Having spent over twenty years in shipping operations between Loch Ryan (South West Scotland) and Northern Ireland, I still take a great interest in the exploits of the two modern day giants of the ferry industry on the Irish Sea - P&O Ferries and Stena Line.
P&O Ferries has just announced very healthy freight carryings for the third quarter of 2017. Back in the early 1970s, I was working for Sealink on their well established Stranraer-Larne route when competition on the North Channel route emerged in the form of Townsend Thoresen who commenced operations from the tiny village of Cairnryan, just a few miles further up the shores of Loch Ryan from Stranraer. Over the years, competition ebbed and flowed, but both companies, in their modern form, have invested millions in vessels and shoreside facilities (with both now located at Cairnryan) and it is heartening to hear that P&O's carryings continue to grow.
The ferry and logistics company – which operates the shortest, most frequent and most reliable ferry services between Northern Ireland and mainland Britain – carried 53,305 lorries and trailers on its ships in the months of July, August and September. This figure represents a 3.3 per cent increase on the same quarter last year.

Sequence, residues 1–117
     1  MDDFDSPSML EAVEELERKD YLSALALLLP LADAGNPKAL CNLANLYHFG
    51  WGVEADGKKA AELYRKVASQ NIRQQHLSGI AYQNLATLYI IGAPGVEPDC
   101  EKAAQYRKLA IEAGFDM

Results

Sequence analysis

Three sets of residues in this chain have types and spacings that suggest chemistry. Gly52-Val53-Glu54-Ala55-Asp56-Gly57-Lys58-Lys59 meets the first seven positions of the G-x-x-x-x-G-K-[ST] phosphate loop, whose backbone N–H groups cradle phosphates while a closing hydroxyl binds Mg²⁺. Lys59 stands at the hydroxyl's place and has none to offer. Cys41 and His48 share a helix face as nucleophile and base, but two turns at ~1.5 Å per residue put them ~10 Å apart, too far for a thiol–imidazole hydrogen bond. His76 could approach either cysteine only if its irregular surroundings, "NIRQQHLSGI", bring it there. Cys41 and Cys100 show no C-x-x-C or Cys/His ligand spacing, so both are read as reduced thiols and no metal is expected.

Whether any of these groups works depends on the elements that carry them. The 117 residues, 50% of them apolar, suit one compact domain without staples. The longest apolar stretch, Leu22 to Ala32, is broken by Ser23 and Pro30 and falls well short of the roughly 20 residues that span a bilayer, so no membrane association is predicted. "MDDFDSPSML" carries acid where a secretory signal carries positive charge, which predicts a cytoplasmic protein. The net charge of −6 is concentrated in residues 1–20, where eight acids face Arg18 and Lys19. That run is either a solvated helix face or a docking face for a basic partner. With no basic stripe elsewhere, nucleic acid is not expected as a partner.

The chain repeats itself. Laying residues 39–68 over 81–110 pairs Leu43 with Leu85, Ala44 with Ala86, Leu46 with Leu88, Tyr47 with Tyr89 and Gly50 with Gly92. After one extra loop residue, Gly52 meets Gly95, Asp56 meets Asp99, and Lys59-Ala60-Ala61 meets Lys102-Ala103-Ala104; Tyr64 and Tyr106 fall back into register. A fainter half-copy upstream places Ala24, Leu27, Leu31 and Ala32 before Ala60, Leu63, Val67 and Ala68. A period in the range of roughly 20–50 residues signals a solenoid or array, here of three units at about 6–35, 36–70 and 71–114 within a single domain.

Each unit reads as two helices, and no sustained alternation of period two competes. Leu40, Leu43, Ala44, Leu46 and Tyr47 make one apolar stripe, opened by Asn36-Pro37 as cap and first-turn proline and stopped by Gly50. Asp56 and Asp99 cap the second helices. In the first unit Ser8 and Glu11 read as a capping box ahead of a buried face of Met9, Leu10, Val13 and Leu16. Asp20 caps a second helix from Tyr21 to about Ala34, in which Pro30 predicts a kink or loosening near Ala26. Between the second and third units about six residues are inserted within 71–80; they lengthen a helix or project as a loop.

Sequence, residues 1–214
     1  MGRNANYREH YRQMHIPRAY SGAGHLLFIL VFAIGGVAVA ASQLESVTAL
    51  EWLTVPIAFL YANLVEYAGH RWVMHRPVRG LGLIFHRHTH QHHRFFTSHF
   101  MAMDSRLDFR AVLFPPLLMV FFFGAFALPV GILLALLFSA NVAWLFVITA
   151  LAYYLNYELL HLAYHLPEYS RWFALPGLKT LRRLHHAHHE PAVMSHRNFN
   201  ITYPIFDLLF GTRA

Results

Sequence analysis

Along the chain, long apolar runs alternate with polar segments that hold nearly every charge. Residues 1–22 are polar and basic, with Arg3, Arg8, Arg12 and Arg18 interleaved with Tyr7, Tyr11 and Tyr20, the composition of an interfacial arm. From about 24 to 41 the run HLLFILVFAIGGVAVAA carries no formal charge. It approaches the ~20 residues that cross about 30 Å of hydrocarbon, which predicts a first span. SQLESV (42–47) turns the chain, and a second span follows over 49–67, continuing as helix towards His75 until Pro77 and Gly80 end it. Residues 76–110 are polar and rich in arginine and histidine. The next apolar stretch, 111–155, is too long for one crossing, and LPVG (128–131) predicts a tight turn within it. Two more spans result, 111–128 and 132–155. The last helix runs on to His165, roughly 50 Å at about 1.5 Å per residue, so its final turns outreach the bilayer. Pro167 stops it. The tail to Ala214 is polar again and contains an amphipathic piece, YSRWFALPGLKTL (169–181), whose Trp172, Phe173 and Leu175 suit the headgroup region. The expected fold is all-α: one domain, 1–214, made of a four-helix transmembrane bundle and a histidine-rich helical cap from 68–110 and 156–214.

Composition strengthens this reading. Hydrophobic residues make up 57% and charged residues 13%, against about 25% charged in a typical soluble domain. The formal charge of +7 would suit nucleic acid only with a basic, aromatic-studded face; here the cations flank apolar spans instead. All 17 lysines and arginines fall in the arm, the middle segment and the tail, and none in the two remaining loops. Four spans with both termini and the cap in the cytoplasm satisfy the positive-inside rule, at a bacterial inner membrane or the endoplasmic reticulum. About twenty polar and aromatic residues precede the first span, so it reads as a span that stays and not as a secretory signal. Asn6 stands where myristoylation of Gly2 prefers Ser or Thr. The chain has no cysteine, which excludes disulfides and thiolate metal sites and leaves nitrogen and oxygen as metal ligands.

Neal Mernock, P&O Ferries Sector Director on the Irish Sea, said: “We are delighted that more and more freight customers are experiencing for themselves the benefits of transporting goods between Northern Ireland and Britain with us.”
“Our port at Larne is fast becoming the gateway of choice for anyone exporting to or from Ireland. It has outstanding connections via rail and road, especially after the upgrading of the A8 dual carriageway, and is nine miles closer to Scotland than the port at Belfast.” “At just two hours in total the journey time on our sailings is up to 30 minutes shorter than if you travel with our competitors. This means that lorry drivers can spend less time on the ships and more time on the road.”
P&O Ferries operates seven sailings a day between Larne and Cairnryan using two 21,000 ton sister vessels, European Causeway and European Highlander. The regular daily service provides a bridge for goods being transported between Northern Ireland and the Republic of Ireland to Britain, and also on to the continent via its connecting services from Dover, Tilbury, Hull and Teesport.